Advocacy, Merrimon, Public Hearing Comment

Merrimon 4-3 Reconfiguration Research Addendum


Asheville on Bikes (AoB) is a 501(c)(3) organization whose mission is to cultivate the culture of urban and commuter bicycle riding through advocacy, education, and celebration. More than 25,000 people have participated in our group rides, hundreds of middle school children have learned to ride through our youth cycling program, and our active membership includes more than 800 residents of Buncombe, Haywood, and Henderson counties. Our after school bicycle program at Asheville Middle School is the only bicycle education program in the state of North Carolina that has run continuously for the last 10 years. In 2020, we won a major national award when we were named Bicycle Advocacy Organization of the Year by the League of American Bicyclists.  We are active advocates for multi-modal projects, complete streets, and bicycle or pedestrian infrastructure.


Project NameTraffic Volume (ADT)LocationEconomic Impact
Hillsborough St26,000Raleigh, NCPrivate investments increased from $150 million to $200 million along the corridor.
East Boulevard21,400Charlotte, NC47% increase in non-residential property values.
La Jolla Boulevard23,000La Jolla, CARetail sales rose 30 percent and noise levels dropped 77 percent.
Edgewater Drive (pdf)20,000Orlando, FL77 net new businesses and 560 jobs over 10 years.


Click here to see on one page the 23 planning documents that agree with, call for, or support a 4-3 conversion with bike lanes for Merrimon (pdf).


Bike riders are forcing this plan on the City City staff proposed this in 2018 in their letter to NCDOT when the City opposed widening the road. The proposal came from City staff who were acting in accordance with City planning documents calling for increased multimodal infrastructure. None of the proposed plans for Merrimon, in 2018 or today, have been created by Asheville on Bikes or any other group of cycling or pedestrian advocates.
This project is all about a building a bike laneThis project is all about a safer traffic pattern that increases the health and wealth of nearly everyone using this road. Bike lanes are the place where current and future low speed personal vehicles will travel and it is the highest value use of the space created by implementing the 3 lane traffic pattern. The bike lane is welcome, but it is not the primary benefit of this project.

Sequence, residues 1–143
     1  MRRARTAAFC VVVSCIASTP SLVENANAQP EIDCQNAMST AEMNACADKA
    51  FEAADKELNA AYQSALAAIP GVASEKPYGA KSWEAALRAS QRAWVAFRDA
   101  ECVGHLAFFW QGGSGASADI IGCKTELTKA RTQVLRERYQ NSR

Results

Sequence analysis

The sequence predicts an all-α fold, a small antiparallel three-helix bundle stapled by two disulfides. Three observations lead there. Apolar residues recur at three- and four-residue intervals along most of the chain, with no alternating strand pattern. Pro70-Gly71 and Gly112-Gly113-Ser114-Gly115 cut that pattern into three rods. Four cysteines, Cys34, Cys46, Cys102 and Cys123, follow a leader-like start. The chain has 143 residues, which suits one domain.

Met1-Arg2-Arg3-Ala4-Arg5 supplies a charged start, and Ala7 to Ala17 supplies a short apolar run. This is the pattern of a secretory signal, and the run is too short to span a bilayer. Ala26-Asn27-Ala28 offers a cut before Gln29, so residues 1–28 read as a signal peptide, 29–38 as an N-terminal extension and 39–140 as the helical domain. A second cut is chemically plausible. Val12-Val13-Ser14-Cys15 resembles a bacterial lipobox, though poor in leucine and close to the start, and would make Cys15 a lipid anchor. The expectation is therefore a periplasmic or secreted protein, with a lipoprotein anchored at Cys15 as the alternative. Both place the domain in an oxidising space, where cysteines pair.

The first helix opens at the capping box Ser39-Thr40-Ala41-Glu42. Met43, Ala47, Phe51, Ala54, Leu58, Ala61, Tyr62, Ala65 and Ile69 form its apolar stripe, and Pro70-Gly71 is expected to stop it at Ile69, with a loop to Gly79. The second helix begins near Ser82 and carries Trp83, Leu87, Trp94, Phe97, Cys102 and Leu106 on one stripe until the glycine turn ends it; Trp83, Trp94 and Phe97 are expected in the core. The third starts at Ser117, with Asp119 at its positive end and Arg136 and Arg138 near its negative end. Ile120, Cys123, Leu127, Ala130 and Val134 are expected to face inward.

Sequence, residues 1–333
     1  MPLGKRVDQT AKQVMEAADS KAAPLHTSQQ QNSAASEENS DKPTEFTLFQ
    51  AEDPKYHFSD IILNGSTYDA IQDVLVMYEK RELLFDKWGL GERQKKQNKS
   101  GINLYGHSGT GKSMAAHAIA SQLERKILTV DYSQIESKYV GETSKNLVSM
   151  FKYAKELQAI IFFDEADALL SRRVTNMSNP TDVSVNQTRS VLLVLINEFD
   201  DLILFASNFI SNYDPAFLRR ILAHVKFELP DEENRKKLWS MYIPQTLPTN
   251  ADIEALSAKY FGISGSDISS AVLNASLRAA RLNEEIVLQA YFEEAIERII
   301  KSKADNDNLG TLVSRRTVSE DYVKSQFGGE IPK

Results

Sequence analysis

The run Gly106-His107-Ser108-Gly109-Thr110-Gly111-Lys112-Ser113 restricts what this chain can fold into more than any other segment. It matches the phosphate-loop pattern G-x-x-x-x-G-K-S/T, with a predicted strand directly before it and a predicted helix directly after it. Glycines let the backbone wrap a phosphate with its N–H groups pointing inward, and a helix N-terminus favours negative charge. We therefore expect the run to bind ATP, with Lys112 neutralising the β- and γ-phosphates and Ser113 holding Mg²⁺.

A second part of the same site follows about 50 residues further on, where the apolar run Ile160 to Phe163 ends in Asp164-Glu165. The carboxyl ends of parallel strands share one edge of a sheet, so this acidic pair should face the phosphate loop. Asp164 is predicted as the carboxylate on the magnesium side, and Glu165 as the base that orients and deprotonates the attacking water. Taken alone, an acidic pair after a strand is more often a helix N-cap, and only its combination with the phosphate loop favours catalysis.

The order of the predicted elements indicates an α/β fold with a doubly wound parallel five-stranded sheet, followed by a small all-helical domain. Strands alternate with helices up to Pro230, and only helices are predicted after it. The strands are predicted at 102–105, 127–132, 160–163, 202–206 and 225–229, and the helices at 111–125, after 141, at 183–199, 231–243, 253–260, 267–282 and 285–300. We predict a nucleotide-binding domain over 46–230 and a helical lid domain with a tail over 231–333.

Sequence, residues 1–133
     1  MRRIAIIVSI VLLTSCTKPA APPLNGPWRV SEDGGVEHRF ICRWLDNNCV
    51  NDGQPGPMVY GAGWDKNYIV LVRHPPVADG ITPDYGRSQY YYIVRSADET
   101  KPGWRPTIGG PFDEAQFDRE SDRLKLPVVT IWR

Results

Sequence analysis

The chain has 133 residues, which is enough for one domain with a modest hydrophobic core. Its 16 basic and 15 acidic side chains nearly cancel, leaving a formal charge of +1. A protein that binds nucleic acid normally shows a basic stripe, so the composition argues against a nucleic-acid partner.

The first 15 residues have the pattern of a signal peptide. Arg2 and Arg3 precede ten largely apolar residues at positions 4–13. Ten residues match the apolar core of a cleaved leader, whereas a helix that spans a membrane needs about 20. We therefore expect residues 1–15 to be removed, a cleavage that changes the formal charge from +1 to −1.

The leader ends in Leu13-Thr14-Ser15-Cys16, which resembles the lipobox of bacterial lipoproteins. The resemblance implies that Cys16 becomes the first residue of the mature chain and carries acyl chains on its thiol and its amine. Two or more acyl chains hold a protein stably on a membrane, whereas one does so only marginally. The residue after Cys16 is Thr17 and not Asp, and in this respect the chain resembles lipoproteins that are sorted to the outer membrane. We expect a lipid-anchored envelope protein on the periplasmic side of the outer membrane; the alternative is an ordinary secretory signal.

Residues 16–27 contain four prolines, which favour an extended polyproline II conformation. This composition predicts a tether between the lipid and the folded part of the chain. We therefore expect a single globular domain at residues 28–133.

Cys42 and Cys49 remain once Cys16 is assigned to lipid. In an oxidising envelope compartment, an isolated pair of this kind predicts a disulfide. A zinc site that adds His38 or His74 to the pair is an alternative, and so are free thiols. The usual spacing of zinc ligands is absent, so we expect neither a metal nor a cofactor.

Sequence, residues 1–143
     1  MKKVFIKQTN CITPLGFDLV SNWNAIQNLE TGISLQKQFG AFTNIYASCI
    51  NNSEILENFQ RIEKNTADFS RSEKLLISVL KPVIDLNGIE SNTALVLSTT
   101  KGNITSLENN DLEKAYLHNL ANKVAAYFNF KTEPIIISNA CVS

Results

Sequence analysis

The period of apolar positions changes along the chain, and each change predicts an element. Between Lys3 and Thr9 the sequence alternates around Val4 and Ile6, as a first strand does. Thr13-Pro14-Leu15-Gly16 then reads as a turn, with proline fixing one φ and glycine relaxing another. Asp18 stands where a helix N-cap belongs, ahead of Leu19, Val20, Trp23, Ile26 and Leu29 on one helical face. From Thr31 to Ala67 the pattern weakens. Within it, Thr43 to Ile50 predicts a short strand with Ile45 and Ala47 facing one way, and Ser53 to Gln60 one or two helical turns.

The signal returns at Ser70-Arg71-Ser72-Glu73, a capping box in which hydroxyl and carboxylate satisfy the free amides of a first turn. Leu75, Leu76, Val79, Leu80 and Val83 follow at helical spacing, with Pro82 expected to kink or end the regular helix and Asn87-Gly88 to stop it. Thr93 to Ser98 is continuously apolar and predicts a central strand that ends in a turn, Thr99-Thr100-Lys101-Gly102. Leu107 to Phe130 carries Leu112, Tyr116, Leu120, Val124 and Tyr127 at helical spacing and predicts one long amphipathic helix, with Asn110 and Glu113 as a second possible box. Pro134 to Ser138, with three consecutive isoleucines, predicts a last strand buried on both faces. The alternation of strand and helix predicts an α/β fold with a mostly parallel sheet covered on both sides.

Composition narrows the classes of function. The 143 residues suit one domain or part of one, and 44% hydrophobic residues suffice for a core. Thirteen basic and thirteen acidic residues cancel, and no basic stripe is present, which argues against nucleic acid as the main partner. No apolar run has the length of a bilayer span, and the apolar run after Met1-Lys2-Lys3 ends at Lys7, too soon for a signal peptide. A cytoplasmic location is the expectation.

No one uses our existing bike lanes Imagine a road network for a City of 90,000 where roads do not connect, where many of the roads were unsafe, and where the entire network consisted of less than 15 paved lane-miles and less than 15 miles of greenway. That is the state of our existing bike network in Asheville. In spite of that paltry coverage, bike usage increases each year and bicycle riders regularly use these facilities. 
Emergency vehicles will be slowed downEmergency vehicles are likely to be unaffected or experience faster response times. Neither the road diet on Charlotte Street or College Ave have resulted in increased response times. Further, the reduction in injuries will mean fewer traffic collisions in need of emergency response; road diets average a -29% on all collisions and Charlotte Street has so far resulted in -59% all collisions. The oft repeated myth the 4-3 conversions are bad for emergency responders is directly contradicted by nearly all studies of road diets and is specifically called out by the FHWA.
Business will sufferBusinesses are likely to prosper, because when cars slow down, collisions decrease, biking increases, and walking increases, the amount of commerce in an area goes up. Have you ever wondered why Merrimon harbors so many vacant or derelict properties when compared to other parts of Asheville? One reason is that the current road design makes it difficult to safely reach businesses on this corridor.  
All businesses are against thisMany businesses are in favor of this project and have participated in the public process. They are part of the 59% of the public who support this proposal.